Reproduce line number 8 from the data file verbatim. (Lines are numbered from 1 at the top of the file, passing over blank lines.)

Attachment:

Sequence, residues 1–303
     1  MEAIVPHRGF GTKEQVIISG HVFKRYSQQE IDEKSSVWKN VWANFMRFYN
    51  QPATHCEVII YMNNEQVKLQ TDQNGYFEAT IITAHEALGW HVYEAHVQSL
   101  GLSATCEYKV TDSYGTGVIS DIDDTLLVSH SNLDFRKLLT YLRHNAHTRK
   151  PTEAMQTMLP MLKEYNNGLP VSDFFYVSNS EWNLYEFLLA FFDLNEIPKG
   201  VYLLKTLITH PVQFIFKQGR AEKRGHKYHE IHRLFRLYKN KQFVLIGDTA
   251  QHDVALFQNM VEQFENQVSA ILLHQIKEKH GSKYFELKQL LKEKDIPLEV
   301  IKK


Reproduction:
   301  IKK